Re: Creating 16 MB super-sections for MMIO
Date: Wed Dec 03 2014 - 12:48:06 EST
On 03/12/2014 18:06, Arnd Bergmann wrote:
As far as I could tell, Linux does not create a super-section in the
case outlined above. Perhaps I misread the source code?
I believe you are right, and I also agree that in theory implementing
what you say (both 64k and 16M mappings) can only help, but it's not
obvious if this makes a measurable difference in the end.
It will be an interesting thought experiment to come up with
a relevant benchmark. TODO.
MMIO register accesses are usually slow for other reasons, and
they tend to be rare,
Reading e.g. the system tick counter on this SoC takes ~65 ns
(so ~65 cycles from the CPU's PoV) which is roughly twice as
fast as accessing uncached RAM.
I don't think we can say that MMIO registers accesses are slow
when they are faster than RAM, right?
so it's possible that you won't be able
to ever tell a difference because the MMIO TLB often gets evicted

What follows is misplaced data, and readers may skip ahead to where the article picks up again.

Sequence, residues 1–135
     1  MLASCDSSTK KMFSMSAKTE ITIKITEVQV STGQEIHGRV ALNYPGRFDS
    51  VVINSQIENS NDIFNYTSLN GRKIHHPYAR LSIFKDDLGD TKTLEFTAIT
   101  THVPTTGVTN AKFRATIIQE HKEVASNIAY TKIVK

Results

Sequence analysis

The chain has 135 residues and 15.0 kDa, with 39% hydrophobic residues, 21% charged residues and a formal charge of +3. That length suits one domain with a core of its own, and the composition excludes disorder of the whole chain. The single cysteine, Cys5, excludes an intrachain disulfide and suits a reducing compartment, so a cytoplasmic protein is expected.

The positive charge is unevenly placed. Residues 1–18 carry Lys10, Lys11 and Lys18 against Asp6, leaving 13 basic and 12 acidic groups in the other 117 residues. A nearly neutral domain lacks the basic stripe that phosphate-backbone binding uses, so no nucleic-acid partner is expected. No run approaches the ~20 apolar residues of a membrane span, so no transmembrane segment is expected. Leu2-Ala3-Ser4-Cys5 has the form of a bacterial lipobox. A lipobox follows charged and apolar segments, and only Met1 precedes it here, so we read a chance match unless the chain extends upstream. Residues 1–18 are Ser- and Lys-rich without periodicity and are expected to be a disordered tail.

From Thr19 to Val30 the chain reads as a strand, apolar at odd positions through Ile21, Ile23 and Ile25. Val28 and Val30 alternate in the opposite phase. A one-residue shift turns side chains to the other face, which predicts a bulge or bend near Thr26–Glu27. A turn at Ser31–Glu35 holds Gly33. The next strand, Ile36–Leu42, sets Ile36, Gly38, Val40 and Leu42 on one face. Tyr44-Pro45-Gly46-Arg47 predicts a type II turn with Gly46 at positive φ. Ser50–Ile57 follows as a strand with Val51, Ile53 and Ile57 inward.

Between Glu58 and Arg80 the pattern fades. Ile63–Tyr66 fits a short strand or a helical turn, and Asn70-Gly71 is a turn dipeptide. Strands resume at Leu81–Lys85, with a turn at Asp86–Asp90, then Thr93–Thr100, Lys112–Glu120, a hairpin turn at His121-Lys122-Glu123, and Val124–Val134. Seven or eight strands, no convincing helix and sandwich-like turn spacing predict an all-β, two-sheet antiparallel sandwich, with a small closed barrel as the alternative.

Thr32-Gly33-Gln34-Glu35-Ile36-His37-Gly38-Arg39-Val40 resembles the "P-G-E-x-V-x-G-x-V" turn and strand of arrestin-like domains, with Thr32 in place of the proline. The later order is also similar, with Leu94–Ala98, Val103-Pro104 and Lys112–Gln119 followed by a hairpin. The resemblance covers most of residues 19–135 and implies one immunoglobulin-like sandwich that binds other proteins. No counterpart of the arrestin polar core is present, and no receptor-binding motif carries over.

by user mappings between accesses to different 1MB sections,
and the timing difference between a TLB-hot and cold MMIO access
might not be that great (depending on the latency of a particular
I don't know if other SoCs are built differently, but on this one,
most drivers are hammering the same 16MB memory region where the
MMIO registers live. I don't think the entry would ever get evicted
if there's some kind of LRU-policy in action.
[Seems it might worthwhile to investigate TLB entry lockdown
(on Cortex A9) after all.]
I don't think there would be any objections to doing superpage
or supersection mappings for early page tables if you can show
any benefit whatsoever, but it may be hard to come up with a
scenario where it's actually measurable.
I'll have to think about it.
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